Diabetes Metab J > Volume 41(3); 2017 > Article
Jang, Park, Kim, Jung, and Kim: Response: Regulating Hypothalamus Gene Expression in Food Intake: Dietary Composition or Calorie Density? (Diabetes Metab J 2017;41:121-7)
We appreciate Dr. Koo's interest and comments on our article entitled “Regulating hypothalamus gene expression in food intake: dietary composition or calorie density?” which was published in Diabetes and Metabolism Journal [1].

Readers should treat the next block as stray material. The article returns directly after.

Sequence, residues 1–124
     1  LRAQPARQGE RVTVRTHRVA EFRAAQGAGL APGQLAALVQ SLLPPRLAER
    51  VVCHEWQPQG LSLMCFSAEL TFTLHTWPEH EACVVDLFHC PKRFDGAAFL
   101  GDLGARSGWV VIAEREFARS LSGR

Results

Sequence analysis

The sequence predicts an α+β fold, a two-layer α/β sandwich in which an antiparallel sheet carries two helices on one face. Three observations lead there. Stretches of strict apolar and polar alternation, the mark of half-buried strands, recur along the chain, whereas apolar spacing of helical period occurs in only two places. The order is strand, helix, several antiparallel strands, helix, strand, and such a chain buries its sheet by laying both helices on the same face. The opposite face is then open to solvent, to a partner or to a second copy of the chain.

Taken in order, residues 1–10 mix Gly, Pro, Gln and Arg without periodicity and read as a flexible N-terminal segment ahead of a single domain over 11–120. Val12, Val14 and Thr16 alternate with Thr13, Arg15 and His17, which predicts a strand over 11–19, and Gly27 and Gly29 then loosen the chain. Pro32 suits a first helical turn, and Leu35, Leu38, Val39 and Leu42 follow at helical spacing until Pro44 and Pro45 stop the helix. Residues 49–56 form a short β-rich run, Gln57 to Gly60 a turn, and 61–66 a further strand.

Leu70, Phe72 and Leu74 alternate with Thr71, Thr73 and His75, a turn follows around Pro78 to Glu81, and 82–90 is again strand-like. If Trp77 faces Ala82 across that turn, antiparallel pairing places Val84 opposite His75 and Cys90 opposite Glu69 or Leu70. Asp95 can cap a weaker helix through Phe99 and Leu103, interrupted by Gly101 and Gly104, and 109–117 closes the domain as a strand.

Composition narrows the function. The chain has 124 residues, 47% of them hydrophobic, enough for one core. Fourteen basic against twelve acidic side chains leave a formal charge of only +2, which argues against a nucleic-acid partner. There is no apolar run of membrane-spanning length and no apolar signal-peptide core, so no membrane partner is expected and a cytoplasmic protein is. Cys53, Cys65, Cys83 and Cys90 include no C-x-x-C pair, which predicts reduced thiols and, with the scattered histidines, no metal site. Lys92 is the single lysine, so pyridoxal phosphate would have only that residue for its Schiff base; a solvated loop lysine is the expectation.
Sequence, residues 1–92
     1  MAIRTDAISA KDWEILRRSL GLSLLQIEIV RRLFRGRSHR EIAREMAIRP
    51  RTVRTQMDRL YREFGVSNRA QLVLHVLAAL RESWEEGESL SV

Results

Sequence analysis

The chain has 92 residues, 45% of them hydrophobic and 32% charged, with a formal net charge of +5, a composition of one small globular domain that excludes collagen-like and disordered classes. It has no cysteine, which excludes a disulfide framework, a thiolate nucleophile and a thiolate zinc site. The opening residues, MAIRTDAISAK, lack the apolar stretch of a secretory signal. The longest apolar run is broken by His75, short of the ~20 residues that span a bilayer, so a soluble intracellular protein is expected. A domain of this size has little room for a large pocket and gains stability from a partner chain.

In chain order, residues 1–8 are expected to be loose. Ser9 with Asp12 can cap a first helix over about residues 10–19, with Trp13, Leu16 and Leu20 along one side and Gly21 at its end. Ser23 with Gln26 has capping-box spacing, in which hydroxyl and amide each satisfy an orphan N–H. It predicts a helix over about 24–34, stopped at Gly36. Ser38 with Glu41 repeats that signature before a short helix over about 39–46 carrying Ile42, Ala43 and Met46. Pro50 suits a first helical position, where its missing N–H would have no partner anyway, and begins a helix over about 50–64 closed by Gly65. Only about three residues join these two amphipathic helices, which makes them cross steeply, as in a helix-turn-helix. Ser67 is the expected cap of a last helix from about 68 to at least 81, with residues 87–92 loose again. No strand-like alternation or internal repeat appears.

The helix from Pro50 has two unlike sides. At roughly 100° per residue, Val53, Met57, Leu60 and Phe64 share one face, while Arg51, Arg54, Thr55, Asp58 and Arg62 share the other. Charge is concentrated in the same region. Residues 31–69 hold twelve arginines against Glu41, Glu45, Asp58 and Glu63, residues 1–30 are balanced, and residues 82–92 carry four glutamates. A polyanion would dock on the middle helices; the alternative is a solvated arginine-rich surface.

The regulation of appetite and food or energy intake is fundamental to body weight control. The epidemiological evidence that a high intake of dietary fat has long been thought to be implicated in the development of obesity with a positive association with a high-fat (HF), high-energy, dense diet but is not yet definitive [2]. Previously, some studies showed dietary fat has relatively weak effect on satiating effect compared to isoenergetic amounts of carbohydrate (CHO) in most [3], although not all [4]. However, it is not only the macronutrient content of the diet but also the energy content that may be affecting food intake. The energy intake, and hence the satiating effects of fat and CHO, were very similar in HF and high-CHO diets so long as the energy density was the same [5]. These results support our results that calorie density of diet may be more critical factor than fat composition in food intake. However, Dr. Koo's opinions are that polyunsaturated fatty acid (PUFA) increases proopiomelanocortin (POMC) expression [6,7], and saturated fatty acid (SFA) feeding did not alter POMC expression level [8,9]. On the other hand, we reported that purified high SFA or n-3 PUFA significantly increased POMC mRNA expression 2 hours after intragastric administration compared with baseline. The increase in the level of POMC expression was highest in CHO-rich diet group followed by SFA-rich diet group, and the lowest was in n-3 PUFA-rich diet group. The possible reason for the different results might be the different experimental designs and methods between ours and those of other studies [6,7,8,9]. We analyzed gene expressions 2 hours after intragastric administration of purified fatty acids dissolved in dimethyl sulfoxide, and after CHO-rich or fat-rich diet feeding ad libitum for just 15 hours. On the other hand other studies analyzed gene expressions after long-term diet feeding. While our experiment focused on the acute effects of purified fatty acids and dietary composition on hypothalamic gene expressions, other studies focused on the chronic effects of dietary composition. In a recent report, there was no evidence of differential effects of dietary fat composition on changes in postingestive satiety and energy intake in lean and healthy men [10]. This result is also different from Dr. Koo's opinion.